December 1, 1975.
Thanksgiving is over, and you had waited an excruciating week for this day to happen—this being the day each year that the Christmas tree and decorations come out of hibernation.
You awaken early—earlier than usual—and lie in bed, waiting for some audible signs of parental wakefulness from the house at large. At 8 years old and still completely of the belief that a fat guy in a red suit would be keeping a sharp eye on you for the next 24 days, you exercise extreme restraint by not hopping out of bed and waking your three younger siblings—which would, in turn, awaken your parents prior to 6 a.m…and now that you know how to tell time, you’d have no recourse when questioned as to why you would do such a thing.
You manage to hold it together for an eternity (approximately seven minutes) before you hear your dad’s heavy footfalls in the hallway outside your bedroom door, on the way to the kitchen. Bounding out of bed as silently as possible—no mean feat when you sleep on the top bunk—you scurry into the hallway and down the stairs. Before he can even reach the kitchen, you plant yourself in front of him, eyes pleading, and he knows what you want before you even open your mouth. A small smile tweaks his mustache, and dropping his hand onto your shoulder, the two of you turn around and head down the basement stairs. Once at the bottom, you make your way to a diminutive door approximately halfway down the length of one of the basement walls—the access door to the crawlspace, which is where all things Christmas live off-season, in various dusty boxes next to the somehow terrifying hole in the floor that holds the even more terrifying oil tank.
Dad opens the door and ducks inside, flicking the light switch immediately, because he knows you will not enter until he does so. Once your eyes adjust, you feel that strange mixture of emotions that is part terror (of the dark, of spiders, of the oil tank hole and oil tank) and part irrepressible excitement as you spot the hallowed holiday storage containers.
Dad goes straight to the largest boxes, which house the artificial tree; this behemoth involves a fake trunk—albeit real wood, with holes in it—and dozens of twisted wire branches with tufts of long, green needles. You, however, only have eyes for the smaller containers, alongside the tree boxes. As Dad rummages through the spiny tree appendages muttering to himself, you begin digging through the haphazardly-stowed decorations, searching for your favorites. Your small, seeking hands extract a tangled disaster of tree lights—the huge colored ones, of course, and you know from experience that they would blister your skin if you touched them after they had been lit for a little while. Sometimes the tinsel would melt to the bulbs; as you stood in the crawlspace, you could practically smell the familiar, acrid odor of melting plastic.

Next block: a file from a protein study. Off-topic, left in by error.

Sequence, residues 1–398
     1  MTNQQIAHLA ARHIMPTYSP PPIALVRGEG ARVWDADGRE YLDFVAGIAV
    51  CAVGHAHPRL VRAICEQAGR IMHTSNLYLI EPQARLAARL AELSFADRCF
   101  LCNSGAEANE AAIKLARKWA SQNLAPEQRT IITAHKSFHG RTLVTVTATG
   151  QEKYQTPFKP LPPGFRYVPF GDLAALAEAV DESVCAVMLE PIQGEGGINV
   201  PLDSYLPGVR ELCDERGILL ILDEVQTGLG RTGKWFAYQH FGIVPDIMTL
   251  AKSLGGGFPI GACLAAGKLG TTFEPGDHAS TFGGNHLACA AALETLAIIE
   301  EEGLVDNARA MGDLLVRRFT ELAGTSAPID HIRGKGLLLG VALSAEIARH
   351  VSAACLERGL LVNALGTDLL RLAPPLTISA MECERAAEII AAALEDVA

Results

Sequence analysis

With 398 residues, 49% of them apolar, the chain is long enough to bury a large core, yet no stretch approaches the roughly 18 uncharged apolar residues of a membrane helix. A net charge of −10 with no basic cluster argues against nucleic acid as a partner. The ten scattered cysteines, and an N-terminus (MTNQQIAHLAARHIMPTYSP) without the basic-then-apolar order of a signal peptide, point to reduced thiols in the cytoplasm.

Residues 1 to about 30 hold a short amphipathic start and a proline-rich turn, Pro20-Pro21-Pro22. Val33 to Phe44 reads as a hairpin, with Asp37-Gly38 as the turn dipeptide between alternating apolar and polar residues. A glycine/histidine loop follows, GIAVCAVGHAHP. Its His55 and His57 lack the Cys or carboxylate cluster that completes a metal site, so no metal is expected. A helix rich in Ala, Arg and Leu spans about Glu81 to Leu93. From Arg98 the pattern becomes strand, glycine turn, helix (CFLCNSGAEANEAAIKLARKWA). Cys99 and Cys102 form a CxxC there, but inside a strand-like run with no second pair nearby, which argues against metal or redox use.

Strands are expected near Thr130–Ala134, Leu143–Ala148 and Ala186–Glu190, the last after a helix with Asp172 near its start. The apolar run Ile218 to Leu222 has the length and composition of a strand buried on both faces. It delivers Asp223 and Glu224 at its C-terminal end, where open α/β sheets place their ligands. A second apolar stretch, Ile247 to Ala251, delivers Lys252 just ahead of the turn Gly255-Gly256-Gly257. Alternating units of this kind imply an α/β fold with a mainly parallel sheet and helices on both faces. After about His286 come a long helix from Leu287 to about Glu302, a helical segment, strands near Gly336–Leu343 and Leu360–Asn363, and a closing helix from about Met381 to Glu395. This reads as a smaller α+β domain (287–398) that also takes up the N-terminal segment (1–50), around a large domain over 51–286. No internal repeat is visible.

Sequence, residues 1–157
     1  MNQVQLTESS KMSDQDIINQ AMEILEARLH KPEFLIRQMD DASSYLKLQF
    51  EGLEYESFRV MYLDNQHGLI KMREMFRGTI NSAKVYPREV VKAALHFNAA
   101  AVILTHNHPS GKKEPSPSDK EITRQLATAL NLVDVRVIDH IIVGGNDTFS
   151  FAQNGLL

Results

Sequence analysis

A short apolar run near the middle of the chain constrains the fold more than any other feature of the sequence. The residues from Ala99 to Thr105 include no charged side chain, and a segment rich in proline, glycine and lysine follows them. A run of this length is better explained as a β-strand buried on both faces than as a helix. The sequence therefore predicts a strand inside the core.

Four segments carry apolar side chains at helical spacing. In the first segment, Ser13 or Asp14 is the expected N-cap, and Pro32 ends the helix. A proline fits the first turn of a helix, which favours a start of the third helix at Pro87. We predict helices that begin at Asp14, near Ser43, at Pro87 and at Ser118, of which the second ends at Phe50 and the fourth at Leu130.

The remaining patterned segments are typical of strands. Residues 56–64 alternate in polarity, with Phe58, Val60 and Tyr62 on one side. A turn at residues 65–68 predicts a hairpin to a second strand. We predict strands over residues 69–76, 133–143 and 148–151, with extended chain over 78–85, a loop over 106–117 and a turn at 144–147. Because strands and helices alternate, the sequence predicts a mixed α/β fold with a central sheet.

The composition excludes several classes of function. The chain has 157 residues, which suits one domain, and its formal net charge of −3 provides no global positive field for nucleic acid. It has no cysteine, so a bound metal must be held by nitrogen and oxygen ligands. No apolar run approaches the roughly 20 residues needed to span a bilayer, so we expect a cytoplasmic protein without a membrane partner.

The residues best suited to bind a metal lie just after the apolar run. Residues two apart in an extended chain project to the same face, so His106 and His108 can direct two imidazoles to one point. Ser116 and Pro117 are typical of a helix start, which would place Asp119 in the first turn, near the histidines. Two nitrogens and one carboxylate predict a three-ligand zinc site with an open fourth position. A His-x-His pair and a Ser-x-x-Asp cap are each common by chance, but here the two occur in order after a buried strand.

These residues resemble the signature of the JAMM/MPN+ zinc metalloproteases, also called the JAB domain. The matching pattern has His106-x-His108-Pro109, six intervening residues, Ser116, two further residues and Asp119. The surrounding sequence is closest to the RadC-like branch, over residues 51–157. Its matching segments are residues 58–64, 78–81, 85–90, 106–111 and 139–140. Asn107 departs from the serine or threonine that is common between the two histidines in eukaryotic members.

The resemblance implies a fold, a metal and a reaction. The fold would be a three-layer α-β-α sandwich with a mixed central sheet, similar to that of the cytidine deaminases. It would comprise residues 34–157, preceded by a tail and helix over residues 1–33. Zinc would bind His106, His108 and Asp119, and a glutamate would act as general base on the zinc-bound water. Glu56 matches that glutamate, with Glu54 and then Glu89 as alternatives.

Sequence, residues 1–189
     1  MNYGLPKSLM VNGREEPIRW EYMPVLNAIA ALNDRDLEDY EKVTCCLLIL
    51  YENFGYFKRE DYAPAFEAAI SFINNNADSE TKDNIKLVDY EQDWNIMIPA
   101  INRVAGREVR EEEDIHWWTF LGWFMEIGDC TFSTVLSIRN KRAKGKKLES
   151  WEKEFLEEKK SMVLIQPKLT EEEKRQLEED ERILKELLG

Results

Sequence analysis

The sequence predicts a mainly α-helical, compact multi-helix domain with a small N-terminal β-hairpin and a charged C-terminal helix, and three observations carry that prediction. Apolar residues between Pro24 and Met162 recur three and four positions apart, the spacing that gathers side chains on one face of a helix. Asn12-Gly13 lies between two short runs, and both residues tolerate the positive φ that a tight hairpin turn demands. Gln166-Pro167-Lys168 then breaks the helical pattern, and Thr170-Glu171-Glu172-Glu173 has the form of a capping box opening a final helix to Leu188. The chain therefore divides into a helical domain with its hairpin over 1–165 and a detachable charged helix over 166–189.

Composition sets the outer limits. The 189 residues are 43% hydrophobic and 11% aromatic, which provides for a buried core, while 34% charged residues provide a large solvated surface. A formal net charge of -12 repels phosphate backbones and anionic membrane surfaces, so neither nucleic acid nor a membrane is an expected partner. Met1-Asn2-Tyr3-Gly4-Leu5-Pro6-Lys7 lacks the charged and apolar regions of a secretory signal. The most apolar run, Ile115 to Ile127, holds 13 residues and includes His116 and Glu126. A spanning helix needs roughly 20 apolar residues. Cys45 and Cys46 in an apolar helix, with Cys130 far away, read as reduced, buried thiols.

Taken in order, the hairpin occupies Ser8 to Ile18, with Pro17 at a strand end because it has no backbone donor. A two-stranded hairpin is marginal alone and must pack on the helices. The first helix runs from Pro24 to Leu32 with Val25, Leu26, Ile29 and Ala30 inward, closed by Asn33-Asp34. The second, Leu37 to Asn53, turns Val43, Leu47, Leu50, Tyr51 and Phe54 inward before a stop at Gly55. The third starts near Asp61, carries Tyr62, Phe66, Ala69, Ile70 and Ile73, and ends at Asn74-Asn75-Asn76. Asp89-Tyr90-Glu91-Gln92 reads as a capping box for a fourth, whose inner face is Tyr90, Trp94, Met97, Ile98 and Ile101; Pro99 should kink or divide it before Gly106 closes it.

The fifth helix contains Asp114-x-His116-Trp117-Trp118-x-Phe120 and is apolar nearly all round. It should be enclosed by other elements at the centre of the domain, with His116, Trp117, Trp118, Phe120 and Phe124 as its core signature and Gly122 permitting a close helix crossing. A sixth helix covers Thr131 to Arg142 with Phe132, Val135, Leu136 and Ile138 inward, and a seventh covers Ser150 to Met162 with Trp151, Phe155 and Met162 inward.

Beneath the lights you find the individually wrapped (in toilet paper), mercury glass ornaments, each with a faceted indent that would reflect your face back to you in a thousand fractured images, fly-like. Not a Christmas season passes in which at least one of these fragile family heirlooms doesn’t fall and shatter on the hearth of the nearby wood burning stove.
Moving onto another box, you are oblivious to the fact that your father has left and returned to the crawlspace twice with tree paraphernalia. As he hunts about for the tree stand, your hands land upon a familiar shape. Ah! Here are the red plastic bells that hang outside our front door, blinking merrily and making tiny tinkling sounds as each bulb lights up. And here—yes! Here is the nativity set, the source of many a Christmas family feud among you and your siblings, as, in theory, each of us would be allowed to set up an equal portion of figures each year (but, as the oldest, you always manage to manipulate at least one sucker into handing a few of their shepherds or sheep over to you). Baby Jesus, however, would be placed somewhere secret, and wouldn’t make his appearance until Christmas eve, when he would—like a Christmas miracle—appear in the manger.
You wonder for a moment where Santa Claus fits in to this holy narrative, and you open your mouth to ask, but then Dad tells you to grab the smallest box of decorations and bring it upstairs. You do so, and your attention is diverted from that timeless question that every parent dreads, the answer to which opens that bittersweet door between childhood and adolescence…one that shuts with a whisper and locks with painful permanence behind you, signifying losses you won’t realize you even sustained for many years to come.